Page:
The United States Weather Bureau and the Navy have been jointly operating Hurricane Hunter planes flying through Hurricane Betsy to plot her movement and speed.
Plane on ground
Plane takes off
Plane in air
Pilot works controls
Crew member at control board
2 shots, crew member looks out window and makes notes
Man adjusts instrument
Crew at posts
2 shots, navigator plots course
2 Crew members work radar scope
Radar scope turns
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Background: The United States Weather Bureau and the Navy have been jointly operating Hurricane Hunter planes flying through Hurricane Betsy to plot her movement and speed.
With the beginning of the fall tropical hurricane season the Hurricane Hunter service begins with planes equipped with weather recording data flying regular patrols in search of storms and then following them.
The plane in our film is based in Miami, Florida and is a joint Weather and Navy plane. This plane took off on September 7 and flew around and then through Hurricane Betsy, plotting all her actions as she moved southward over the Bahamas and then across the southern coast of Florida.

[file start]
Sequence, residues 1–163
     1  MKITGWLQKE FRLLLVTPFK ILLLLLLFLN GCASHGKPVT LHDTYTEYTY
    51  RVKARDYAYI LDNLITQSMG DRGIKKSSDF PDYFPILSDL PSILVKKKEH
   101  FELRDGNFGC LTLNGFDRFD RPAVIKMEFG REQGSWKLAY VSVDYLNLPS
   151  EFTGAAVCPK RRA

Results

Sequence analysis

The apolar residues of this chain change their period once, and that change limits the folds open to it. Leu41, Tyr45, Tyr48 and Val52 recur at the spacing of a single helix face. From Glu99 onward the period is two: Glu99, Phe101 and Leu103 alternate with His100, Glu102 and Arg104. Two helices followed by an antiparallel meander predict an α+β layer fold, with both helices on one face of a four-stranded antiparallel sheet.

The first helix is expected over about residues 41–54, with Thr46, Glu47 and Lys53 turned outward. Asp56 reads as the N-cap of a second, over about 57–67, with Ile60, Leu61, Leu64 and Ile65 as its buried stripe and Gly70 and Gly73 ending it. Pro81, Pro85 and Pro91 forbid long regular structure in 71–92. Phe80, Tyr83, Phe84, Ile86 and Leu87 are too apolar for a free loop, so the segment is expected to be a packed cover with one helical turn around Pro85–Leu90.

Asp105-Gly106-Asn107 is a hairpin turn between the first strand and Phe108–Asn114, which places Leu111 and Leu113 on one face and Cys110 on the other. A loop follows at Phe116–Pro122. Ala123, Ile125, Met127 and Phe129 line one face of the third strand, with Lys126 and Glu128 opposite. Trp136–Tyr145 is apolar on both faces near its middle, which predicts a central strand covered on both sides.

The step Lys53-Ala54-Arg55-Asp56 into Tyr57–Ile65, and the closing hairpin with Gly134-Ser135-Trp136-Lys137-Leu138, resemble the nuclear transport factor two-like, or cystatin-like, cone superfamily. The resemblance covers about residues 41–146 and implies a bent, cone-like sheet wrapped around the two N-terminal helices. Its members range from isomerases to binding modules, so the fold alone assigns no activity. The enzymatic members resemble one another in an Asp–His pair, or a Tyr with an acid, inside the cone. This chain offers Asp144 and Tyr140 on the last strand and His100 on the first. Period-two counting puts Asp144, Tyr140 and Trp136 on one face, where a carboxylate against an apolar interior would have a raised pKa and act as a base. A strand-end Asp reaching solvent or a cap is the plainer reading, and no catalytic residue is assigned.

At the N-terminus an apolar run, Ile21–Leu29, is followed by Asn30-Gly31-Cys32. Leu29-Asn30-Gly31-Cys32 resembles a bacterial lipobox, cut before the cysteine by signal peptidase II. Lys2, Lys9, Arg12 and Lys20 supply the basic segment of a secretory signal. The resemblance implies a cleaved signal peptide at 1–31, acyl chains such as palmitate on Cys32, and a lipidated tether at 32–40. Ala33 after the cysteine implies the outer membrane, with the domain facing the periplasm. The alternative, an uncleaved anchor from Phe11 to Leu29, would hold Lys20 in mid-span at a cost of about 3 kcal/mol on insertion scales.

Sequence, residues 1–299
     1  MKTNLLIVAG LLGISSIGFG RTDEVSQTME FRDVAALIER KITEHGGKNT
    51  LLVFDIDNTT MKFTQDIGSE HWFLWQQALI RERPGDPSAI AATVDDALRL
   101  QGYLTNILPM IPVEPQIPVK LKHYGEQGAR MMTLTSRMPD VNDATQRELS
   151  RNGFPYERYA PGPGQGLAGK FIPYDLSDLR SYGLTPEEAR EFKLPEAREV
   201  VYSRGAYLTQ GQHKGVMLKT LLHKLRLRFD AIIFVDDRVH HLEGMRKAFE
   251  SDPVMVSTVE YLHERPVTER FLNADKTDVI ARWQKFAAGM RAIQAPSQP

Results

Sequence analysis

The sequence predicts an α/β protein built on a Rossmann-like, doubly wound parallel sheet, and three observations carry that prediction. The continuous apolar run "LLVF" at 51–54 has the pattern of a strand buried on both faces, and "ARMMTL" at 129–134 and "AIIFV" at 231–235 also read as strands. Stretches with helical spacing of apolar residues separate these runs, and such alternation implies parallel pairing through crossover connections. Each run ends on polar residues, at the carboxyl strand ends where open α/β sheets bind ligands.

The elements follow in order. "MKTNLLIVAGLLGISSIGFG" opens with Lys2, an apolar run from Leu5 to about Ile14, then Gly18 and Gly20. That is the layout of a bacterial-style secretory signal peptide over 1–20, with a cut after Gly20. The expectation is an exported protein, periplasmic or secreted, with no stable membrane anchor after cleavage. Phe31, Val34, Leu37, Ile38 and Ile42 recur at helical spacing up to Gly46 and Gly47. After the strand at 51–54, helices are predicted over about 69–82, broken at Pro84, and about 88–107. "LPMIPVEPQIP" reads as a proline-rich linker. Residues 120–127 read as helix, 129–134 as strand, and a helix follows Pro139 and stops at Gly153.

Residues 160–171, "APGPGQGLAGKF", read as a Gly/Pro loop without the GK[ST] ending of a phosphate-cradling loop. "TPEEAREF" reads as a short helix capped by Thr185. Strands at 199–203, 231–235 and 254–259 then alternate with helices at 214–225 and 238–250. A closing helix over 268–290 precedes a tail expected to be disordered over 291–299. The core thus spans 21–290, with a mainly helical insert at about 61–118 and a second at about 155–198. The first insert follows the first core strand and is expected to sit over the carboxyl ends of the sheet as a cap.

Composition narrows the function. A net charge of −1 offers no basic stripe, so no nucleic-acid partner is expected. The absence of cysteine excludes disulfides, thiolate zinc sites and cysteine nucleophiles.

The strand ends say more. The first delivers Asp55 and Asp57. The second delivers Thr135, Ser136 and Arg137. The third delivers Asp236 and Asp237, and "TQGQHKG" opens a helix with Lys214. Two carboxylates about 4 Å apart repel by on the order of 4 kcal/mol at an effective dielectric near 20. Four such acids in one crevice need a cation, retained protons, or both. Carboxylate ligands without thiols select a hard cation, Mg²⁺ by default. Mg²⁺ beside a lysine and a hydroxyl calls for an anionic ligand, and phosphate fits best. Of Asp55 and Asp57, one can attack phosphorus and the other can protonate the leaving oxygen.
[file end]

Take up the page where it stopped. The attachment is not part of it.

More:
The National Hurricane Centre is based on the University of Miami campus at Coral Gables, a part of Miami. All weather data such as wind velocity, cloud formations, width of the "eye", and direction of the storm are radioed back to the Centre from the Hunter planes. The Centre then plots the storm and sends out advance warnings to ships and the land areas that lie in the path of the storm.
These planes fly at an altitude of ten thousand feet. Their large radar scans the horizon and plots the entire hurricane from that height.
The use of the Hunter planes has yielded a great deal of information to meteorologists who have been studying these storms for years without such knowledge the planes get from the inside of the storm. The advance warnings issued have saved countless lives in hurricane areas and allowed protective measures to be taken to save property.